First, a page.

- Born 4 September 1962 Carrickfergus, Co Antrim
- Died 18 February 2003 Austria
- Educated Marist College, Athlone; Dublin University; University of Ulster
- Occupation Schoolteacher
- Debut 21 August 1985 v Club Cricket Conference at Norbury
- Cap Number 558
- Style Right arm fast medium.
- Teams Dublin University, Phoenix, NICC and Werneth.
Hugh Milling, a strongly built pace bowler who had the ability to make the best batsmen hop around when he delivered his devastating "throat ball", grew up in Northern Ireland - in the shadow of John de Courcey's Norman keep - but completed his secondary education at Marist College, Athlone, an institution justly famed for its prowess at Gaelic football, hurling and - more recently - rugby - but not known as a cricket school. Nevertheless, Hugh having entered Dublin University was a regular member of the XI for three seasons from 1981 taking 32 wickets in League and Cup matches at 22.91.
His first appearance in what might be termed a representative match, for the University v The ICU President's XI in 1982, saw him take the wicket of prolific left hander Pat Dineen, no bad way in which to start a haul of quality batsmen which was to include such notables as Peter Willey, Graeme Hick, and the seemingly immoveable Pakistani opener Mudasar Nazar.
Between 1982 and 1985 Hugh was also to appear for the Irish Universities in the British and Irish Universities tournament a 50 overs competition. Here his hostility and accuracy won high praise and won him selection for the composite side against a strong Essex 2nd XI in 1984. One of his best performances came in his tournament debut v Welsh Universities at Trebort in 1982. His figures of 10 - 9 - 4 - 2, not only removed the hosts' fancied openers but pegged back the innings so much that the final total was only 94, allowing a comfortable Irish win. Ireland reached the final v English Universities at Colwyn Bay, but the match was lost. Hugh was wicketless but his figures of 10 - 4 - 12 - 0 were a testament to his skill on a traditionally flat wicket. His best performance came in a 1983 match with English Unicorns when his 10 - 3 - 14 - 3, had much to do with Ireland's one run victory.
He played a season with Phoenix before returning north, where he read for a Dip Ed at the University of Ulster and played for NICC. While at Phoenix an incident occurred remembered with relish by those who saw it. Keeping wicket in one match was Lingard Goulding, son of former Irish keeper Sir Basil Goulding, and a high class gloveman himself. By now a Preparatory School Headmaster, Lingard was regarded by some as the best wicket keeper in Ireland. He stood up over the stumps to Hugh. Observers were unsure whether Hugh or the unfortunate opening batsman was the more annoyed as the Carrickfergus express set out to drive the presumptuous stumper back. The fact that Lingard always stood up to all bowling and - aged over 70 - still does, cut no ice with Milling that afternoon!
Hugh played a handful of interprovincial matches first for North Leinster and, latterly, for Ulster Town. His figures might best be described as useful rather than devastating but he turned in some good performances. Two, both for North Leinster against Munster, stand out. In 1984 at Cabra he had figures of 10- 5 - 6 - 2, bowling the visitors to defeat by 87 runs, while two years later, rain called a halt at College Park when the South Easterners had been reduced to 17-5, with Hugh's figures 7 - 2 - 9 - 2.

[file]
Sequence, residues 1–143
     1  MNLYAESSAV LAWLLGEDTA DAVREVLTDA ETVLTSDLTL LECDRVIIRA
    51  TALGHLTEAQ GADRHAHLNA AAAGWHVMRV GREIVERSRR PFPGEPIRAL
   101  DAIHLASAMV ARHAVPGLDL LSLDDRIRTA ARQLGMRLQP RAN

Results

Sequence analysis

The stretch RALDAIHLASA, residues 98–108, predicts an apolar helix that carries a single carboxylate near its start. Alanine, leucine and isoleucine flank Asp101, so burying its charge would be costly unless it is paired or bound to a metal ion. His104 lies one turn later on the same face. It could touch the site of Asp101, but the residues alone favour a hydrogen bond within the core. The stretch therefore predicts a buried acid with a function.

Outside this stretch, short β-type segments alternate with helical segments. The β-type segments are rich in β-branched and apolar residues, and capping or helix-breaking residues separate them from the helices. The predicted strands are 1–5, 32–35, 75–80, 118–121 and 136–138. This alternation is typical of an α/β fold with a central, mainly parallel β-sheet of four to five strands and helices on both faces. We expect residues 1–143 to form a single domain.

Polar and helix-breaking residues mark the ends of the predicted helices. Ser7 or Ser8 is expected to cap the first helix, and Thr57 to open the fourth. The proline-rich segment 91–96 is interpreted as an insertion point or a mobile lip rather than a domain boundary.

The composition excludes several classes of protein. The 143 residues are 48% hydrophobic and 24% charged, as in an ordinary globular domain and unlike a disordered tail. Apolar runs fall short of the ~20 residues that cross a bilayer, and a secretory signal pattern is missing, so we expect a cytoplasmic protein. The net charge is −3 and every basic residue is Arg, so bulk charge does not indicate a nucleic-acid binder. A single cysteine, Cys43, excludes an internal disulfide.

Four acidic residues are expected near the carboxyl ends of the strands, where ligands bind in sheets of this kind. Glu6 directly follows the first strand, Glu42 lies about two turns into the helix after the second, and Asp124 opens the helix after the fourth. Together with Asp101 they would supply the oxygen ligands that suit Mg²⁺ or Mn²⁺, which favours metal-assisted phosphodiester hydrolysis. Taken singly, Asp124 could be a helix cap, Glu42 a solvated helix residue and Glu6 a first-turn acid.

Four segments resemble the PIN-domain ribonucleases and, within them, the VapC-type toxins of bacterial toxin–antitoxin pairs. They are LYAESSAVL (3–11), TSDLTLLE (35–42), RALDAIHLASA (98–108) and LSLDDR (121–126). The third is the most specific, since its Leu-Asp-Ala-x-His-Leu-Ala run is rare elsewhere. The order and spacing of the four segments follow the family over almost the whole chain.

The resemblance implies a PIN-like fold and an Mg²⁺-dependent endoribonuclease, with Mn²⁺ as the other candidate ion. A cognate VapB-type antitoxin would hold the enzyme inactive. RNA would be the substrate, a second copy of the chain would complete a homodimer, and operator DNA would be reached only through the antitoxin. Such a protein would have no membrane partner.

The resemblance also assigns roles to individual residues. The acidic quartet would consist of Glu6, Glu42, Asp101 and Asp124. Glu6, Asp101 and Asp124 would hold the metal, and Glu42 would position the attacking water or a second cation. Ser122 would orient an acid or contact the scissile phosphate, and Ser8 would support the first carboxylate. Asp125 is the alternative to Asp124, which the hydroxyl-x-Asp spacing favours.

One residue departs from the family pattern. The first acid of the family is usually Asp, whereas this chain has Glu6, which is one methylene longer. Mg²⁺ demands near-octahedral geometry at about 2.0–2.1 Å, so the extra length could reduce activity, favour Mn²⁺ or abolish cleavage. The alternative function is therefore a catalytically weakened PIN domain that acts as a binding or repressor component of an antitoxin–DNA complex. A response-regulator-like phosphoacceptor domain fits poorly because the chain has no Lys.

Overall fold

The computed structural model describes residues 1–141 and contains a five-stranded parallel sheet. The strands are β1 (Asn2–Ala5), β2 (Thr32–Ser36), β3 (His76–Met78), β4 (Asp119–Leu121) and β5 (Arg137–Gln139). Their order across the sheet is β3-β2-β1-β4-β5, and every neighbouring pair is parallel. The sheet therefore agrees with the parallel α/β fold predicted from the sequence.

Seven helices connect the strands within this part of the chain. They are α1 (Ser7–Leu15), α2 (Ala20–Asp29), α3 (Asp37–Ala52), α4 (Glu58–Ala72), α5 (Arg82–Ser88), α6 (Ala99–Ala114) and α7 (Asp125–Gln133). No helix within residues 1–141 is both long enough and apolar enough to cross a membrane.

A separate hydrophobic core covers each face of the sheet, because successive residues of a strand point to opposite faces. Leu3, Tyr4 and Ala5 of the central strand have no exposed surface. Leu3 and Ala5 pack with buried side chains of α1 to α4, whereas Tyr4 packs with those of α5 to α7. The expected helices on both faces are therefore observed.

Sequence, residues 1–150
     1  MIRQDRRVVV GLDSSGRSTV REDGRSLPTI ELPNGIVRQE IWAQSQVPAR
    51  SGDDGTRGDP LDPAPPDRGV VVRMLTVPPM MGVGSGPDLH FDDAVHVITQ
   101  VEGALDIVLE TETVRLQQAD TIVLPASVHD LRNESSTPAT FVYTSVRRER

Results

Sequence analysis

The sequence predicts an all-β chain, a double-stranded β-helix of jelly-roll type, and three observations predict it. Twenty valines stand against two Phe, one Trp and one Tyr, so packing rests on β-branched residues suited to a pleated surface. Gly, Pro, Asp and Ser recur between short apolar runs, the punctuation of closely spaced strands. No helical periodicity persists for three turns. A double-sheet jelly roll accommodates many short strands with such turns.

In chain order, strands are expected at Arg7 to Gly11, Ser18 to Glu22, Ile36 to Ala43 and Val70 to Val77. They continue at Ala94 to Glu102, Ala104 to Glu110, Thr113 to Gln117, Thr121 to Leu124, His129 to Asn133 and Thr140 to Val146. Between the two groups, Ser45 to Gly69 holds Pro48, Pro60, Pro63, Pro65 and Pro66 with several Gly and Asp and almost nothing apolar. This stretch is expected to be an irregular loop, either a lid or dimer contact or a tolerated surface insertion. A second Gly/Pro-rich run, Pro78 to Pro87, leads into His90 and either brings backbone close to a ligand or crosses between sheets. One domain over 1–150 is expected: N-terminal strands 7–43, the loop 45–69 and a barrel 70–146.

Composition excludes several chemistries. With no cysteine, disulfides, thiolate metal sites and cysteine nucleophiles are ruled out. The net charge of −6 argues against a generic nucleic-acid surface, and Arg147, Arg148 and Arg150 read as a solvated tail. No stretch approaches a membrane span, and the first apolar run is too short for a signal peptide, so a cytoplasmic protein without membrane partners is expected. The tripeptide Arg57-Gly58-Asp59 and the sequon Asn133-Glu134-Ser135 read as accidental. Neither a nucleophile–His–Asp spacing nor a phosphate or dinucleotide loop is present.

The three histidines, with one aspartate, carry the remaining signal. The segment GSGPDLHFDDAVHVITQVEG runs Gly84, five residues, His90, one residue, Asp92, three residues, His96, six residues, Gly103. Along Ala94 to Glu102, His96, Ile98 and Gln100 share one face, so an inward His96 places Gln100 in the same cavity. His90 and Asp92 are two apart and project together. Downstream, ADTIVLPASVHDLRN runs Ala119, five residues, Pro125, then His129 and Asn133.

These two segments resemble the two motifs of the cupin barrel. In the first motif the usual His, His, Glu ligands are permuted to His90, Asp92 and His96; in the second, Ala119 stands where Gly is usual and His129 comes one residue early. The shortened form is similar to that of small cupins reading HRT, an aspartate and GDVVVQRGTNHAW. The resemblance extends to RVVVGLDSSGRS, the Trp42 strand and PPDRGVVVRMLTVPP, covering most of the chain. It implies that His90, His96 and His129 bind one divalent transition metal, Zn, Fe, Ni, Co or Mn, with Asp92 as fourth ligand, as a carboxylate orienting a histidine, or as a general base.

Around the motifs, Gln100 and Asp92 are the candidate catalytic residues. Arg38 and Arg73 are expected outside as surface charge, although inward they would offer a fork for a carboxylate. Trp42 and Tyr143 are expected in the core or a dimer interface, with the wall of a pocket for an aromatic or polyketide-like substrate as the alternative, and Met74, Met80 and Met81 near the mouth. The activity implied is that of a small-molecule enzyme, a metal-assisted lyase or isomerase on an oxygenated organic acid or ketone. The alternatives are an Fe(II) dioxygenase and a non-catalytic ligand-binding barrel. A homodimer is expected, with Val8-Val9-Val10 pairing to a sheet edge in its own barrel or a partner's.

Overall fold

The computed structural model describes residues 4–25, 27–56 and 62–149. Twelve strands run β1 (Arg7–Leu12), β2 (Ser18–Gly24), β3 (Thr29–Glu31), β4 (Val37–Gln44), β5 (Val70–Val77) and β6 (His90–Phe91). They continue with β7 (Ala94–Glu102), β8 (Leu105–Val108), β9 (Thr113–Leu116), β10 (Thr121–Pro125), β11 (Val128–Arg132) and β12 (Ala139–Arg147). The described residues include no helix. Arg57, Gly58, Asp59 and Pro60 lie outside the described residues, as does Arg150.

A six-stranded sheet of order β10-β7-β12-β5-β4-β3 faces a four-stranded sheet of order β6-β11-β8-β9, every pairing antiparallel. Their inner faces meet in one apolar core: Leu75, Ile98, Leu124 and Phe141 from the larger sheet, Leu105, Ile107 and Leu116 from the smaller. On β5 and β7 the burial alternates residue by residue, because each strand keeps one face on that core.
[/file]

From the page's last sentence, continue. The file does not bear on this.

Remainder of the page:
Against the possibly sterner opposition of South Leinster in 1985 he had figures of 16 - 3 - 52 - 4, including Alan Lewis and Mark Cohen, as the southsiders just held on for a draw.
His interprovincial form gained him Irish selection for the English tour of 1985. In all he was to play 26 times taking 49 wickets at 32.73. There were those who claimed that he did not practise enough to be consistently successful at this level. Be that as it may, he had some noteworthy performances, though never achieving a "5 for." Thus on the Zimbabwe tour of 1986, his 7 wickets in the match was the main reason for Ireland's 10 wicket win against Matabeleland Districts.
His second 4-46 was to remain his best bowling figures for Ireland. Later in the tour his 3-131 was to prove the best bowling figures for an Irish attack destroyed by a precocious teenager named Hick on his way to 309. Though Hugh also had seven wickets in the match v Scotland - oddly his only first class appearance - in 1987 - his best performance was probably his 4-64 v Leicestershire at Grace Road in the Nat West Trophy in 1986. The Irish side was put to the sword by David Gower and Peter Willey as the County reached 303-5, but Hugh dismissed Willey as well as two more Test men in current England selector James Whitaker and West Indian paceman and slogger Winston Benjamin.
Having taught for a while in Northern Ireland, Hugh took up an appointment at Hulme Grammar School, Manchester, well known for its academic and sporting record. Here he became popular and respected by colleagues and pupils alike, his famed sense of humour winning him many friends. He also found time to play in the tough world of the Central Lancashire League. One of his best matches for his club, Werneth came in his final season 2002 against Milnrow, a formidable opposition. However Hugh, bowling unchanged, had figures of 19 - 8 - 37 - 4 to despatch the opposition for 98. His victims included Queensland professional Clinton Perren, whose first class record for his state stands at 4785 runs with 10 centuries, besides almost 3000 List A runs.
In February 2003, while on a school visit to Austria, Hugh hit his head in a fall while skiing. Neither he nor any one else in the party thought anything of it at the time, but the following morning he was found dead in his hotel room.
His obituary is in Wisden 2004.
Edward Liddle, August 2009